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Live at Wigmore Hall

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Album Review

David Grisman has been stockpiling live recordings made of his own band and concerts with other musicians. Beginning in 2008, he switched to selling new releases exclusively as downloads and limited-edition CD-Rs. This 1996 duo concert with guitarist Martin Taylor is evidently a complete concert at Wigmore Hall in London (though there are no liner notes), with the mandolinist and his guest playing a number of vintage acoustic instruments, as they did on their Tone Poems collaboration. There is plenty of "Dawg" music from Grisman's vast repertoire, jazz gems by Django Reinhardt, Edgar Sampson, and Duke Ellington, vintage standards of the 1930s and 1940s, plus Latin music, all played with finesse by the two masters, with Grisman switching to guitar or tenor guitar on several songs. It's difficult to pick highlights among the 20 performances, since all are at a high level, but their intricate interpretation of Reinhardt's "Nuages," a playful extended romp through "Besame Mucho," and a relaxed, swinging "Stompin' at the Savoy" are unforgettable. Beautifully recorded in a manner to give the listener the impression of having a front-row seat, Live at Wigmore Hall should be an essential acquisition for fans of David Grisman and Martin Taylor.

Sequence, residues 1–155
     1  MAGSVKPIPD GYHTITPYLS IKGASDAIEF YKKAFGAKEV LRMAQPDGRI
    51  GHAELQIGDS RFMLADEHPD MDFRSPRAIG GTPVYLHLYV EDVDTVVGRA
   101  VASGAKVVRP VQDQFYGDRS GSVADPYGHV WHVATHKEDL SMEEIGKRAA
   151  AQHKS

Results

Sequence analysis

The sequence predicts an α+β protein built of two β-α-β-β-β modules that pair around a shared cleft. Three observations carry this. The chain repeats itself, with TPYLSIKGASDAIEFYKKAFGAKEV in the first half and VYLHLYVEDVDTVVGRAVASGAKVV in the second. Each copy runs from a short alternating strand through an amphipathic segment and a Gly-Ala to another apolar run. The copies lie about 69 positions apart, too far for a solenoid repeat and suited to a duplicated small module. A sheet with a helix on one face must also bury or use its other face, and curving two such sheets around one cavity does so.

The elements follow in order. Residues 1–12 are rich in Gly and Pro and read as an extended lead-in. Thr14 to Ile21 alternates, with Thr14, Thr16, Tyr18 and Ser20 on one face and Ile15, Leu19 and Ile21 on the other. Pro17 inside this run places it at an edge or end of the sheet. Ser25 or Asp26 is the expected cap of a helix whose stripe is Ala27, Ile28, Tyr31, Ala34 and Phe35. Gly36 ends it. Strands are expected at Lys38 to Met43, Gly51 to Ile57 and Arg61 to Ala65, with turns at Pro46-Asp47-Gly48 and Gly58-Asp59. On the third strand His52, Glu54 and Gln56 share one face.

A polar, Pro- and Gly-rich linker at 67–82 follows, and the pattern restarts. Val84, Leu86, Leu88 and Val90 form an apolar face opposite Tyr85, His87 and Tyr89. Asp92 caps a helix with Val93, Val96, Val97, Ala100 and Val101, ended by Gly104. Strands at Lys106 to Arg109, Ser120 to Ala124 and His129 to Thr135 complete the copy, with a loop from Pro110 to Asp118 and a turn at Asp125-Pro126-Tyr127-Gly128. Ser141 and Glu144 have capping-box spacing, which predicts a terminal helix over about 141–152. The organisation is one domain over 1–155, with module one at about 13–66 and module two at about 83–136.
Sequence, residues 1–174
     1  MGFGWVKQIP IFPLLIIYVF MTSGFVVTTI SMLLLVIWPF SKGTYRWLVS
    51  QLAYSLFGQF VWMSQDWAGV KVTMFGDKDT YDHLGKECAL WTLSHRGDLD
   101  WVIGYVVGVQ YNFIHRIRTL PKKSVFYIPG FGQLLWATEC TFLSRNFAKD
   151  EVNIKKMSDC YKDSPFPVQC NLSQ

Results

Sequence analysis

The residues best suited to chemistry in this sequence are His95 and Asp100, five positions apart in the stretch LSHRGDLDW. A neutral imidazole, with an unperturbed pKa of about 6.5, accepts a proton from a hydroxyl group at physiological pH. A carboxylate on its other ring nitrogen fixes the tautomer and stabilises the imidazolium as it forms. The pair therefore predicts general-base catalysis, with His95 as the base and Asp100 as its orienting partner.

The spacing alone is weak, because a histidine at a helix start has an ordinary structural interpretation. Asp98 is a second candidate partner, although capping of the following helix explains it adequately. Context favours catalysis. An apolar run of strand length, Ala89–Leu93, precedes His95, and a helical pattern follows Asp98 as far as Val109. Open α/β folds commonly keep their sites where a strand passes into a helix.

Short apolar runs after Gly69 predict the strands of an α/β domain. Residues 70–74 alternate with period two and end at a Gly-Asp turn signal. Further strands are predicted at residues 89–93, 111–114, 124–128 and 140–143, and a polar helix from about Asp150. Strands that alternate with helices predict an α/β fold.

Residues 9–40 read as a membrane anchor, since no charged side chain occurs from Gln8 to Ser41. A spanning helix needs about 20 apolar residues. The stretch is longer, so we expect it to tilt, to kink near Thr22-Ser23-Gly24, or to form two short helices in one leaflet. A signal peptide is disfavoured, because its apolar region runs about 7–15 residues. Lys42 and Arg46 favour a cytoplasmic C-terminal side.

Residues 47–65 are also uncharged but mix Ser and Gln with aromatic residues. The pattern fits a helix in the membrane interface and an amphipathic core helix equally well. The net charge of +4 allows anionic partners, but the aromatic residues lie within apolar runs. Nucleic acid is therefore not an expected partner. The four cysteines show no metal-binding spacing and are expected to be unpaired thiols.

Born: 23 March 1945 in Hackensack, NJ

Genre: Singer/Songwriter

Years Active: '70s, '80s, '90s, '00s

David Grisman is normally associated with the bluegrass wing of country music, but his music owes almost as much to jazz as it does to traditional American folk influences. Because he couldn't think of what to call his unique, highly intricate, harmonically advanced hybrid of acoustic bluegrass, folk, and jazz without leaning toward one idiom or another, he offhandedly decided to call it "dawg music" -- a name which, curiously enough, has stuck. A brilliant mandolinist, with roots deep in the Quintet...
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Live at Wigmore Hall, David Grisman
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